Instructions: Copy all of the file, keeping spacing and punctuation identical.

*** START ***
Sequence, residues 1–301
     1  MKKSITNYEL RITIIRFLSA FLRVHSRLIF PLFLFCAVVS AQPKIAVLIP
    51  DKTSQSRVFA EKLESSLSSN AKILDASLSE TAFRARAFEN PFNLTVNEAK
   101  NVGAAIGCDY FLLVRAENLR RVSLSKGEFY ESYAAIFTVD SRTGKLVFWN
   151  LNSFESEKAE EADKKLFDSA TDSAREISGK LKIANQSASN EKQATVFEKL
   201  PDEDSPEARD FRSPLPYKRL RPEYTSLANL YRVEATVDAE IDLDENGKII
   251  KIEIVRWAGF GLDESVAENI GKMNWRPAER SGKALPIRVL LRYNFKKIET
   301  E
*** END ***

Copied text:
Sequence, residues 1–301
     1  MKKSITNYEL RITIIRFLSA FLRVHSRLIF PLFLFCAVVS AQPKIAVLIP
    51  DKTSQSRVFA EKLESSLSSN AKILDASLSE TAFRARAFEN PFNLTVNEAK
   101  NVGAAIGCDY FLLVRAENLR RVSLSKGEFY ESYAAIFTVD SRTGKLVFWN
   151  LNSFESEKAE EADKKLFDSA TDSAREISGK LKIANQSASN EKQATVFEKL
   201  PDEDSPEARD FRSPLPYKRL RPEYTSLANL YRVEATVDAE IDLDENGKII
   251  KIEIVRWAGF GLDESVAENI GKMNWRPAER SGKALPIRVL LRYNFKKIET
   301  E